By Tileni Mongudhi and Mathias Haufiku | 23 April 2020
NEW finance minister Iipumbu Shiimi has developed a reputation of shunning the perks of power and being a competent technocrat.
An advocate of doing more with less, Shiimi rejected a new Mercedes-Benz and claiming travel allowances when he was governor of the Bank of Namibia, an indication of his belief in backing words with actions, a former colleague says.
At 50, he has quietly racked up an impressive 25-year career at the central bank backed by a string of academic qualifications.
Some political observers believe his biggest test could be saying no to politicians who might want to cash in on the type of money-making schemes that have left Namibia’s economy languishing in the gutter.
“Will he stand up for what is right?” asked one central banker The Namibian spoke to.
He wondered whether the minister’s previous involvement in ruling Swapo party structures, such as its think tank, would make him well disposed to the party.
Shiimi says it is his life’s purpose to make a difference in the lives of Namibians.
“Therefore, in any moment of choice I will always strive to choose public interest over personal or individual interests. This is also what my president expects of me,” he said last week.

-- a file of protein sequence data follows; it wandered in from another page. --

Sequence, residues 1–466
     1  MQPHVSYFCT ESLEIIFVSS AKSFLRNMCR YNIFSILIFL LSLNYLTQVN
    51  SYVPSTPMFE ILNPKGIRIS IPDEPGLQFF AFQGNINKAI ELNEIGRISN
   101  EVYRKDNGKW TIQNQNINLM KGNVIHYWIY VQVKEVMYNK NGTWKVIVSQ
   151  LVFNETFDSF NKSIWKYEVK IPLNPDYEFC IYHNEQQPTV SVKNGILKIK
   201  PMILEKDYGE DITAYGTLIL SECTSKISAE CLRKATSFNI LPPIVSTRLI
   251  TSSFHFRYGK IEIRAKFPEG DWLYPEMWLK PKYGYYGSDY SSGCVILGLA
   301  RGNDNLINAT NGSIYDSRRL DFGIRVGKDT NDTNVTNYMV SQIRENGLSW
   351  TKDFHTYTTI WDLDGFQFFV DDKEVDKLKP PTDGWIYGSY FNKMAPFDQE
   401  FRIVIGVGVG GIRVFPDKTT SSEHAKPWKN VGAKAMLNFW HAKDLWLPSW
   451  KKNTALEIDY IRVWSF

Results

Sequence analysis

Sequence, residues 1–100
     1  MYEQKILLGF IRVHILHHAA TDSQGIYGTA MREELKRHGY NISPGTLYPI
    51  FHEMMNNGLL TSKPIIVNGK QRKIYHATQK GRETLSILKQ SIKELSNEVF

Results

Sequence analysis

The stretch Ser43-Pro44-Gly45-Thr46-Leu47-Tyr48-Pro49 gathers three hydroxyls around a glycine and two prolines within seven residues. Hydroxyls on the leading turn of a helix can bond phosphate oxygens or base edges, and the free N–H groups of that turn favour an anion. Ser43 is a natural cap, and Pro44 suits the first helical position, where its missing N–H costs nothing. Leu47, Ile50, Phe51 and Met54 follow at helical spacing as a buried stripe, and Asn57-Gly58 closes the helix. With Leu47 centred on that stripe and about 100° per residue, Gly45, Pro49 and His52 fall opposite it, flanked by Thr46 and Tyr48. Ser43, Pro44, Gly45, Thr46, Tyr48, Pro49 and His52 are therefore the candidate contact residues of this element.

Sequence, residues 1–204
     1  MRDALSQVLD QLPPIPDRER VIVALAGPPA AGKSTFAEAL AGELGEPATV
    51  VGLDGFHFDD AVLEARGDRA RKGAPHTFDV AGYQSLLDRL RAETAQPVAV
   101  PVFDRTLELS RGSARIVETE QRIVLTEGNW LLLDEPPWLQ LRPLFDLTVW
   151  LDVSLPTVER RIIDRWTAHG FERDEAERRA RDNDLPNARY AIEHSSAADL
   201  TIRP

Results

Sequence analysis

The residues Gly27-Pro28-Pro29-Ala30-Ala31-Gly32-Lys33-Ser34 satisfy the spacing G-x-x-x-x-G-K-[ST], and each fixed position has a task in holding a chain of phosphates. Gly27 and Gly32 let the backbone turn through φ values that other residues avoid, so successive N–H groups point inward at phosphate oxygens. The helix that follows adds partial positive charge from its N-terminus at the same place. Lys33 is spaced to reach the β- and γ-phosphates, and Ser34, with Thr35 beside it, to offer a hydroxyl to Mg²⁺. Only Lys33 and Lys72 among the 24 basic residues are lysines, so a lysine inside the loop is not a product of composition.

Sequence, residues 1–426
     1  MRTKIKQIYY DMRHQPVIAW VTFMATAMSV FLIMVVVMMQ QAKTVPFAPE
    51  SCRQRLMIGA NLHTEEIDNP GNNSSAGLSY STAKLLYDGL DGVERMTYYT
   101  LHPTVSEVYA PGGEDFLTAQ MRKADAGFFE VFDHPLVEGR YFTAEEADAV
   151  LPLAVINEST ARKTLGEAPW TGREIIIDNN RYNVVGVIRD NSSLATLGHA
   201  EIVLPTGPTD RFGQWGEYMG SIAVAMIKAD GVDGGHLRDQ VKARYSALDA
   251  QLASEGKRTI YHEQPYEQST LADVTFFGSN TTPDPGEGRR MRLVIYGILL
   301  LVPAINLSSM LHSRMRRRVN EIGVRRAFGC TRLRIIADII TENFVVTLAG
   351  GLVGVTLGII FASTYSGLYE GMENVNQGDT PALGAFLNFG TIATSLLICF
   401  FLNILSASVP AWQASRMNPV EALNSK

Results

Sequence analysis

A senior official who worked closely with Shiimi said the new finance minister is capable of stemming the economic free fall of the past few years.
However, he questioned whether the fiscus building will offer Shiimi the right support politically or the capacity to fulfil his mandate.
“At the Bank of Namibia there are certain infrastructure and layers that insulated him, allowing him to deliver. Unfortunately finance is a different environment besieged by people with ulterior motives,” the official said.
Roman Grynberg, an economics lecturer at the University of Namibia, told The Namibian Shiimi has to address the core of Namibia’s economic and financial problems.
“A corrupt, opaque and inefficient system of allocation of resources including land, fisheries, diamonds and government contracts exists and it must change,” he said.
Grynberg said Shiimi should address the question of resource allocation first to restore people’s faith in the government’s economic management.
“Will Shimii do any of this? I do not believe there is any appetite in Cabinet or from the president for such reforms and we will continue along this regrettable path of economic ruin.”
Grynberg believes Shimii “will do as Cabinet and the president tell him. The coronavirus gives us a perfect excuse for inaction on basic reform.”
Shiimi’s time at the central bank was not without hiccups. His handling of the SME Bank, which collapsed and lost N$350 million, proved a contentious issue.
The bank approved the setting up of the SME Bank amid concerns that then partners from Zimbabwe, such as Enoch Kamushinda, had a dubious track record.
Shiimi told The Namibian last weekend he and his team performed their duties with diligence and care during the SME Bank saga.
“As human beings, we may have made some mistakes in the process and for that we apologise, but I believe we have carried out our work with a sense of duty and dedication,” he said.